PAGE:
We started a few new trials in 2019. Miranda Meehan, NDSU Extension environmental stewardship specialist, is lead principal investigator on a North Central Sustainable Agriculture Research and Education project that will study full-season cover crop grazing on soil health, forage production, livestock performance and economic return from the land.

This project involves six farmers/ranchers, six Extension agents, five state Extension specialist, the Main Station livestock unit and the center. Michael Undi, Erin Gaugler, Scott Alm and I will lead the center’s portion of the project that also includes testing winter cereal forage crops – winter rye, winter wheat and winter triticale – on forage production and livestock performance when grazed the following spring.

The full-season cover crop will be seeded after heifers graze the winter cereals from mid-May to mid-June. We will start grazing the cover crop in late July using strip grazing and rotational grazing treatments and compare them with an unharvested treatment. This project will be repeated in 2021 and 2022.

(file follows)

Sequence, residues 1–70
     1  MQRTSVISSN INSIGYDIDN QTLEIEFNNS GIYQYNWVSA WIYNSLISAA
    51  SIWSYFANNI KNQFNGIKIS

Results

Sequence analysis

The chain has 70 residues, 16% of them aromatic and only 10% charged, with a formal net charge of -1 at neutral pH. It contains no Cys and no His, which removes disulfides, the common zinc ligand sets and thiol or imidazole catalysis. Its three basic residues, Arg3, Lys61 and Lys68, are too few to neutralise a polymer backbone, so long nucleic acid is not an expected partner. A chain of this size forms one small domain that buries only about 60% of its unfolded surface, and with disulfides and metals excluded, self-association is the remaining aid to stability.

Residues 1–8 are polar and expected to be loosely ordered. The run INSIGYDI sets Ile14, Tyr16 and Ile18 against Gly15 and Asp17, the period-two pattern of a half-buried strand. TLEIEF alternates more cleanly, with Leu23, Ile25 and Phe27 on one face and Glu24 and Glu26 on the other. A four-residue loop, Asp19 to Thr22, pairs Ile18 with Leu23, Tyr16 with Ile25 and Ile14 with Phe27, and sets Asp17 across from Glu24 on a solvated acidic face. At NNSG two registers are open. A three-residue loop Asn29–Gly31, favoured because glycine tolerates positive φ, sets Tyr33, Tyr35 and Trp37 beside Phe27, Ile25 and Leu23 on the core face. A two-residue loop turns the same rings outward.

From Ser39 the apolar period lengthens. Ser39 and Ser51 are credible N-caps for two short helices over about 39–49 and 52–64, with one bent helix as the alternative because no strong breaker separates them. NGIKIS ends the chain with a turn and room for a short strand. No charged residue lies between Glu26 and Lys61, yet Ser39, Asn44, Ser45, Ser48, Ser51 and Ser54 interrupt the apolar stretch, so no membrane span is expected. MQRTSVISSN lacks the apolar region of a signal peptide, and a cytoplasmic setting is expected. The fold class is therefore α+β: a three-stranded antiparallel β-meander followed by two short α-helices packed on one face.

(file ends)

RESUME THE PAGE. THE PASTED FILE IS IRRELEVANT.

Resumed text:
The other new projects include 1) quantify the amount of regrowth – and subsequent cumulative growth – of rangelands following a) a spring prescribed fire with 14, 28 and 42 days grazing recover and b) a rotational grazing with 33, 59 and 76 days grazing recover at different disappearance levels (led by Erin Gaugler and me); 2) trans-generational programming of beef cattle under different nutritional and mineral programs (lead by Carl Dahlen, Rika Baumgartner and me); 3) forage production and quality of select varieties of forage oats, forage barley and spring triticale (lead by Scott Alm) and 4) compare winter survival, forage production, soil health and livestock performance of winter rye, winter wheat and winter triticale (lead by Scott Alm, Michael Undi, Erin Gaugler and me).